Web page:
Hello everyone. Welcome to the very first movie review. Today’s movie: Full Metal Jacket.
I wish I could court martial this movie.
Watching it just makes me feel like I want to round up all the cruel people in the world, strap them to dynamite and then give them the middle-finger before blowing them all to hell.
I also have a problem with characterization, direction and plotting.
All right, let’s take a look.
Full Metal Jacket is a Vietnam War drama released in July 1987 by director Stanley Kubrick. Yes, I’m talking about the director responsible for the bizarre book adaptation of The Shining and the even more bizarre film A Clockwork Orange. I can already see white flags waving dubiously in the wind. Don’t bail out on me now. I’m not finished yet.
The movie is a two part story based on the novel “The Short Timers” by Gustav Hasford. It begins with the recruitment of young men into a Vietnam Marine Corps in Parris Island in 1967. The narrator Private James T. “Joker” Davis (Matthew Modine) joins to experience the thrill of combat along with the obese and bumbling Leonard Laurence (Vincent D’onofrio).
Our heroes endure boot camp training imposed on them by the charming Gunnery Sergeant Hartman (R. Lee Emey). He is known for coining such delightful phrases as…”Holy dog shit! Texas? Only steers and queers come from Texas and since you ain’t no steer, well, that kinda narrows it down,” and…”Do you suck dick Private?”
Private: “Sir, no, sir.”
Hartman: “Bull-shit, I bet you could suck a golf-ball through a garden hose.” He also gives Laurence the nickname Gomer Pyle based on his awkward demeanor and obesity. It takes Private Pyle nine months to shed his grotesque weight. I understand that Pyle’s physicality is meant to give others an excuse to treat him like an outcast, but I would think that the military would think twice about enlisting someone with such a wide girth. But I could be wrong.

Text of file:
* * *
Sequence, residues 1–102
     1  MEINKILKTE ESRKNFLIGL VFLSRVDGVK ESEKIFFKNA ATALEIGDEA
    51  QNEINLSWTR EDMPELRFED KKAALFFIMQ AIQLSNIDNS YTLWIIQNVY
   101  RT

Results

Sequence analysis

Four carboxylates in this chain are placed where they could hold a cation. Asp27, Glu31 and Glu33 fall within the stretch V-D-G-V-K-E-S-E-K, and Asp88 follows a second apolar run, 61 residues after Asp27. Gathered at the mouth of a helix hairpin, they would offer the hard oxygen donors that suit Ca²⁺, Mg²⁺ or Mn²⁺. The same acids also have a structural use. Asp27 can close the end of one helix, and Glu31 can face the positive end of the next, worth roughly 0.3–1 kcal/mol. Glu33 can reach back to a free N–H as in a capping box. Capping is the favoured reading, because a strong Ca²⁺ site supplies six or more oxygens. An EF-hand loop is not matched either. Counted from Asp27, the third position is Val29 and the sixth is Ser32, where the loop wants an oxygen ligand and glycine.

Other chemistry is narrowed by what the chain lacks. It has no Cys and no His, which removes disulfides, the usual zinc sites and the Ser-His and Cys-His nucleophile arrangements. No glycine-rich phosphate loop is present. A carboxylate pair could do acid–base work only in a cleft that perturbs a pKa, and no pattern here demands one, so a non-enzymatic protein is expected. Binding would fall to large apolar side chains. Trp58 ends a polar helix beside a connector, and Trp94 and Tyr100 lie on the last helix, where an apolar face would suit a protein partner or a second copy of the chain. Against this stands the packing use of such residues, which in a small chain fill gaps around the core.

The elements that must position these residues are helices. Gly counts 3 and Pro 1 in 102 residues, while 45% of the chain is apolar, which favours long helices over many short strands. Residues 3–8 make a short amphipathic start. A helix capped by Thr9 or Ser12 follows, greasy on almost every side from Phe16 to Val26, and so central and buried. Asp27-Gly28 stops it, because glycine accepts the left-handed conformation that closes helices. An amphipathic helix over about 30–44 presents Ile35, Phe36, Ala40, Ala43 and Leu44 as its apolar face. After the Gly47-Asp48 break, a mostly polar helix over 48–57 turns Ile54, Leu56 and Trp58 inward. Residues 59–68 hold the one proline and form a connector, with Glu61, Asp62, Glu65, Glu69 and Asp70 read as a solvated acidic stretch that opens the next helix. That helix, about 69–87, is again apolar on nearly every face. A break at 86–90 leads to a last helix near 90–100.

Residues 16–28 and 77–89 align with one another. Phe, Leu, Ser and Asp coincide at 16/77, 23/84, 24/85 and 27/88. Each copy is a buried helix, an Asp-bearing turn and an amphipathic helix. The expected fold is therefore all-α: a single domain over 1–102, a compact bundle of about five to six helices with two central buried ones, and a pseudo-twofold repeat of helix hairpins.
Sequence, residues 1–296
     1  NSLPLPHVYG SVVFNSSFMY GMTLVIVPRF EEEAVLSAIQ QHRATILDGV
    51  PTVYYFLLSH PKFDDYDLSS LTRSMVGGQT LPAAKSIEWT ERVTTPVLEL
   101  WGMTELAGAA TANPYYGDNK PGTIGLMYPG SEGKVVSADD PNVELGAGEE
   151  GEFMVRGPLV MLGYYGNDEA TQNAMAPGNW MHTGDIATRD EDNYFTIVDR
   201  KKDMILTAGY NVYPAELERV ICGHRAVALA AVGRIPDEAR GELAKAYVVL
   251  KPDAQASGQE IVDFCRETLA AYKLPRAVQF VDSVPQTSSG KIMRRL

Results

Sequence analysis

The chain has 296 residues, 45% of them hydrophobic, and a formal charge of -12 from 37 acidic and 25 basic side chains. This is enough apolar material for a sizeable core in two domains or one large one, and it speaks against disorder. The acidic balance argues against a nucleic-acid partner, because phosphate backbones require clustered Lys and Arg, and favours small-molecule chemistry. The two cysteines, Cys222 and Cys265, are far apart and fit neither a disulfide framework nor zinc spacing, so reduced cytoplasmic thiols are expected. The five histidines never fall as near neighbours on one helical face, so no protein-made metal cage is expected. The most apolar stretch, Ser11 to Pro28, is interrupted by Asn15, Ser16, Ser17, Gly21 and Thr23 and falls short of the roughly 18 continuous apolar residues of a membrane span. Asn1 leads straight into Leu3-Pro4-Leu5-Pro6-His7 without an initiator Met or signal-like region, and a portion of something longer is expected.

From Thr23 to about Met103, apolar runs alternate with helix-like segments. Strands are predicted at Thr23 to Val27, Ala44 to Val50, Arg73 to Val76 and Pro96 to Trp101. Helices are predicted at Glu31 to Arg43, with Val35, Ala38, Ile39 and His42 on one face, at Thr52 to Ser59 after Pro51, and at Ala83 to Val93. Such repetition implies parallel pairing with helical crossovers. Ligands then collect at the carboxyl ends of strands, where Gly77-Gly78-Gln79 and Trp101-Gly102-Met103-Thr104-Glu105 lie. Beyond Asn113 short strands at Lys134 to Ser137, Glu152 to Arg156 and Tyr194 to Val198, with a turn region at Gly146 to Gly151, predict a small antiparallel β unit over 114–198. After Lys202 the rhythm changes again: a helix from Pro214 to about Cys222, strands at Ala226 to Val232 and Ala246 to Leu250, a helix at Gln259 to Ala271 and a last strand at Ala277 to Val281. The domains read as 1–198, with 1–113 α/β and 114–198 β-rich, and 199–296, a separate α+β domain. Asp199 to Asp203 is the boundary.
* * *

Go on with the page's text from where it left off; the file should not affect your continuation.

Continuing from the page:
Pyle is teamed up with Joker who wears a peace sign medallion on his uniform as well as the words “Born to Kill” on his M1 Helmet. Despite a brief explanation that it is a Jungian philosophy of the duality of mankind, this contrast may have been a little bit too outlandish and honestly it doesn’t make much sense to me.
Joker helps his partner get in shape so that he could graduate the training. Incidentally, this is one of the only moments in the entire movie that isn’t entirely devoid of human kindness and compassion. It is short-lived, however, after a jelly doughnut is discovered in Pyle’s locker and his comrades take it upon themselves to beat him viciously his bunk-bed with solid bars of soap wrapped in towels.
To its credit there is something to be said about a movie that speaks to a target audience, namely the Vietnam Veterans, while at the same time attempting to enlighten those of us about the sheer reality of training and combat. But I have to question just how enlightening is it to show the would-be soldiers ganging up on each other? Isn’t there such a thing as the Band of Brothers?
One would think that this movie would portray boot camp in a slightly more positive light, one that would have shone through the end of the first half, at least. But it doesn’t. I mean, Forrest Gump went through boot camp and not only did he deliver the most outstanding answer anyone ever heard to the question, “what is your sole purpose in this army?” which was “to do whatever you tell me, drill sergeant,” and he was awarded the Congressional Medal of Honor. Of course, Forrest Gump is not a Kubrick film.
If there is a glimmer of light anywhere in the film, it is when Joker steps in to aid his fellow comrade so that he can survive basic training, but even those moments are minimal at best. Despite his partners’ compassion and willingness to lend a hand, the collective brutality embitters Pyle to the extent that he seeks to hone his marksmanship skills, which he perfects with deleterious ease.
Pyle manages to impress Sergeant Hartman, but some of the other Privates, Joker especially worries he is growing a little bit too fond of the rifle. He even starts talking to it. After all, “it is his rifle. There are many others like it, but that one is his.” Clearly, Pyle is teetering on the brink of a nervous breakdown.